Rugby was developed by accident when a man named William Webb Ellis, who was attending Rugby School in England, while playing soccer, picked up the ball and ran towards the opponents' goal.  This new innovation attracted interest at other schools, such as Cambridge University.  Rugby was popularized at Cambridge in 1823 where local rules were made.  Rugby School didn't officially offer rugby until 1841; and it wasn't until 1871 that consistent rules were formulated.

The lack of specificity in the rules of the game, and interpretation of matters that the English took for granted, were intolerable to many players in the United States.  This led to modifications in the rules such as a line of scrimmage and frequent opportunities for possession.  These changes altered the free-running, kicking game to a game with emphasis on ball control.

Rugby did continue to be played in the U.S. though, until 1905.  President Theodore Roosevelt viewed pictures from a game and was shocked by the "brutal" nature of the game and insisted on reforms in the rules.  In 1906, this led to the induction of the forward pass, rather than the rugby pass, which is never forward, and to the demise of the Rugby Code in the United States.

Rugby is, however, making a resurgence.  In the U.S., the USA Rugby Football Union recently formed by regional unions, will give national cohesion so the game may prosper.  The rules of the game will be international and can be obtained by writing:  USA Rugby, 27 E. State Street, Sherburne, NY 13460.


Rugby is usually played with two teams, each consisting of 15 players - eight forwards and seven backs.  The object of the game is to kick goals between the opponents' goal posts and to score "tries."

A "try" is scored when a player grounds the ball in the opposition's in-goal area.  This is the area behind the goal posts, which is similar to the end zone of a football field.  A try is worth four points and may be converted into a goal by a successful place kick.  The place kick may be made from any mark on the field, along a straight line backwards from where the ball was grounded.  A converted try is worth six points.  A goal may also be made through a penalty kick, which is worth three points.  The game is over after the elapsed time period.  This is usually two thirty-five minute halves (international matches are forty minutes in length).  There is a five minute changeover period at halftime, during which no player may leave the field.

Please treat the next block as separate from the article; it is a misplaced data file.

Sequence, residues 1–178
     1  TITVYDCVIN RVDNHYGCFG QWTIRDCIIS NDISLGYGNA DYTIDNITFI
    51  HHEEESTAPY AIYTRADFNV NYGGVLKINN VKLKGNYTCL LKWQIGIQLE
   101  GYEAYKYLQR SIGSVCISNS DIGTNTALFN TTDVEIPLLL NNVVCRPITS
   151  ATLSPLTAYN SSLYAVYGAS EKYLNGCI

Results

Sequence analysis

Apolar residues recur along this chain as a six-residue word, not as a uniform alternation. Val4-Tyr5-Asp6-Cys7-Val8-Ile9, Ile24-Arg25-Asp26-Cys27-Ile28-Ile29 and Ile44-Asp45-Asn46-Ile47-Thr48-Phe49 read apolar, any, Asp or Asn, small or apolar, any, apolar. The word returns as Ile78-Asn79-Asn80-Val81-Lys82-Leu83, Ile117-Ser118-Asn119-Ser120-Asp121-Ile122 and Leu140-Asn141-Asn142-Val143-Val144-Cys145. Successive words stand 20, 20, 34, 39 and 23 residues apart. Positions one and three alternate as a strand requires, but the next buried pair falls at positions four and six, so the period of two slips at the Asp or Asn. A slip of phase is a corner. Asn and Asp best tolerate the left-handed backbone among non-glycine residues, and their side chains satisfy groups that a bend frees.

A rugby match is started in much the same way as an American football game.  There is a coin toss at the beginning between the captains of the two teams.  The winner decides whether to receive the kick-off or which goal they will defend.  The kick-off is made from the halfway line of the field.  The second half is also started with a kick-off; this time the team that kicked to start the game will receive.  There is also a kick-off after each score.  The only variation in this rule is that if the score was an un-converted try, the kick-off must be a drop kick; otherwise it is a place kick.

The ball must be kicked at least ten yards unless it is touched by an opposing player.  If the kick is short, that is touching the ground in front of the ten yard line before touching an opposing player, the captain of the receiving team can demand a re-kick or a set scrum at the center of the field.  If the ball is kicked out-of-play (off the field) without being touched, the non-kicking team has three choices.  These are a scrum at the center of the field, a line-out where the ball went out-of-play, or a re-kick.

If any member of the kicking team precedes the ball prior to or at the moment it is kicked, there is a set scrum at center field with the receiving team putting the ball in play.